D.C. Circuit Considers What Constitutes "Agency Records" for FOIA Purposes
Per Consumer Federation of America v. Department of Agriculture, 455 F.3d 283 (D.C. Cir. June 30, 2006):
[The Freedom of Information Act] grants the district court "jurisdiction to enjoin [an] agency from withholding agency records and to order the production of any agency records improperly withheld from the complainant." 5 U.S.C. § 552(a)(4)(B). Hence, the court must determine whether the defendant agency has "(1) 'improperly'; (2) 'withheld'; (3) 'agency records.' " Kissinger v. Reporters Comm. for Freedom of the Press, 445 U.S. 136 (1980) (quoting 5 U.S.C. § 552(a)(4)(B)). The only question at issue on this appeal is the validity of the district court's determination that the USDA [officials' appointment] calendars are not "agency records."
We review the district court's grant of summary judgment on this question de novo. See Students Against Genocide v. Department of State, 257 F.3d 828, 834 (D.C.Cir.2001). "In the FOIA context this requires that we ascertain whether the agency has sustained its burden of demonstrating that the documents requested are not 'agency records.' " Gallant v. NLRB, 26 F.3d 168, 171 (D.C.Cir.1994); see United States Dep't of Justice v. Tax Analysts, 492 U.S. 136, 142 n. 3 (1989); Grand Cent. P'ship, Inc. v. Cuomo, 166 F.3d 473, 478 (2d Cir.1999). Under FOIA, "[s]ummary judgment may be granted on the basis of agency affidavits if they contain reasonable specificity of detail rather than merely conclusory statements, and if they are not called into question by contradictory evidence in the record or by evidence of agency bad faith." Gallant, 26 F.3d at 171 (internal quotation marks omitted).
Although FOIA "limited access to 'agency records,' [it] did not provide any definition" of the term. Forsham v. Harris, 445 U.S. 169 (1980) (internal citation omitted). We must nonetheless be careful to ensure that "[t]he term 'agency records' ... not be manipulated to avoid the basic structure of the FOIA: records are presumptively disclosable unless the government can show that one of the enumerated exemptions applies." Bureau of Nat'l Affairs, Inc. v. United States Dep't of Justice, 742 F.2d 1484, 1494 (D.C.Cir.1984). As the Supreme Court has repeatedly reminded us, in enacting FOIA, "Congress sought to open agency action to the light of public scrutiny." Tax Analysts, 492 U.S. at 142, 109 S.Ct. 2841 (internal quotation marks omitted); see Department of Justice v. Reporters Comm. for Freedom of Press, 489 U.S. 749, 772, 109 S.Ct. 1468, 103 L.Ed.2d 774 (1989); Department of Air Force v. Rose, 425 U.S. 352, 372, 96 S.Ct. 1592, 48 L.Ed.2d 11 (1976).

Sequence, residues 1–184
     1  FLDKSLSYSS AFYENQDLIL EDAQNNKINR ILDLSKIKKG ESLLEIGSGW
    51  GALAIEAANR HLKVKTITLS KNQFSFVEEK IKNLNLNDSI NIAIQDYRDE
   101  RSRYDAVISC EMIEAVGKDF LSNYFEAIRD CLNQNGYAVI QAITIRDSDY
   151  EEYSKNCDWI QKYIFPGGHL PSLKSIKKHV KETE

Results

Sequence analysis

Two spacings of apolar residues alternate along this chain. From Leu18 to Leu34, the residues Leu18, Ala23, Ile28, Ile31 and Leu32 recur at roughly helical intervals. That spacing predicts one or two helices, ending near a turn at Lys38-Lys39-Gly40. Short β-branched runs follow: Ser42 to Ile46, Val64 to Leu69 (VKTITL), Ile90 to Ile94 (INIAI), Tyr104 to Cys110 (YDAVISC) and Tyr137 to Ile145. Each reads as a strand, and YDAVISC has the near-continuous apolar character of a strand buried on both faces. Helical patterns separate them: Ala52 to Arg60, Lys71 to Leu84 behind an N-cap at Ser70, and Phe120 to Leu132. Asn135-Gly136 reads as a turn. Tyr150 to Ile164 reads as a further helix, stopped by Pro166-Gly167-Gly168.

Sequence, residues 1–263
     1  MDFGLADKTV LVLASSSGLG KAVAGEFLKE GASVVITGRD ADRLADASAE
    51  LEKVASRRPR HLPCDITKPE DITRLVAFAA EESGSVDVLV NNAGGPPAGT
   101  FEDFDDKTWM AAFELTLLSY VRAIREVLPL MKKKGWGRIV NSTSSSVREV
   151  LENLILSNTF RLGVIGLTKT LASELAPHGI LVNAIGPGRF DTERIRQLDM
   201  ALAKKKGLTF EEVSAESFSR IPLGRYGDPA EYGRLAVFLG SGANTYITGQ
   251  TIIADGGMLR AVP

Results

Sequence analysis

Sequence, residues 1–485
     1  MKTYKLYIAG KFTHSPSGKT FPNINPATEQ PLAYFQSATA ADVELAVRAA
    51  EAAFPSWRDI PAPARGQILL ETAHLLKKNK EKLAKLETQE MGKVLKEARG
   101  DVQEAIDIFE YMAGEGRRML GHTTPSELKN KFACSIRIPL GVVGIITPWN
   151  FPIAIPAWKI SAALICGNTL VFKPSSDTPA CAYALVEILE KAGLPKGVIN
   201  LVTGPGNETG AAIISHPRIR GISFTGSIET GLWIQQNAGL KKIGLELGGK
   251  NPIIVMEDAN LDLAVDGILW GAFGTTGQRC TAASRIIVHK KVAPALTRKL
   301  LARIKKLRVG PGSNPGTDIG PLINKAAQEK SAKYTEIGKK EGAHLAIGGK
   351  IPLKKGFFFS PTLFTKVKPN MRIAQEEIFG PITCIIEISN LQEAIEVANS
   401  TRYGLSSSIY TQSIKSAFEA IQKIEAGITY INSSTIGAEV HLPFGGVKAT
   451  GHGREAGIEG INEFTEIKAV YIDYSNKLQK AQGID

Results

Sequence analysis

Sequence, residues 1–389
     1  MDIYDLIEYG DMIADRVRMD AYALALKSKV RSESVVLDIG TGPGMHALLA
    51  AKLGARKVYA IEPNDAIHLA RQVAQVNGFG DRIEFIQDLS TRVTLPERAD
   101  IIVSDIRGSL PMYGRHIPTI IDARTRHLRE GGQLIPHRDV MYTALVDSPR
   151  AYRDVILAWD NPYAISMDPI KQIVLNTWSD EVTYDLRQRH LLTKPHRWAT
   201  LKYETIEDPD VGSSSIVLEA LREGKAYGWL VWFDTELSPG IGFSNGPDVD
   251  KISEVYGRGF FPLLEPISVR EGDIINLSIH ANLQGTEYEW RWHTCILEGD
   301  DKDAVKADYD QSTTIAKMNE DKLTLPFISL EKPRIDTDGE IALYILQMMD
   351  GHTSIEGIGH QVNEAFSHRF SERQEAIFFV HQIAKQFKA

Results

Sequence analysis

Mindful of this caution, our circuit has adopted a totality of the circumstances test to distinguish "agency records" from personal records. The test "focus[es] on a variety of factors surrounding the creation, possession, control, and use of the document by an agency." Bureau of Nat'l Affairs, 742 F.2d at 1490. There is no precedent in which we have applied that test to facts directly paralleling those before us. This is due, at least in part, to the technological advances of recent years.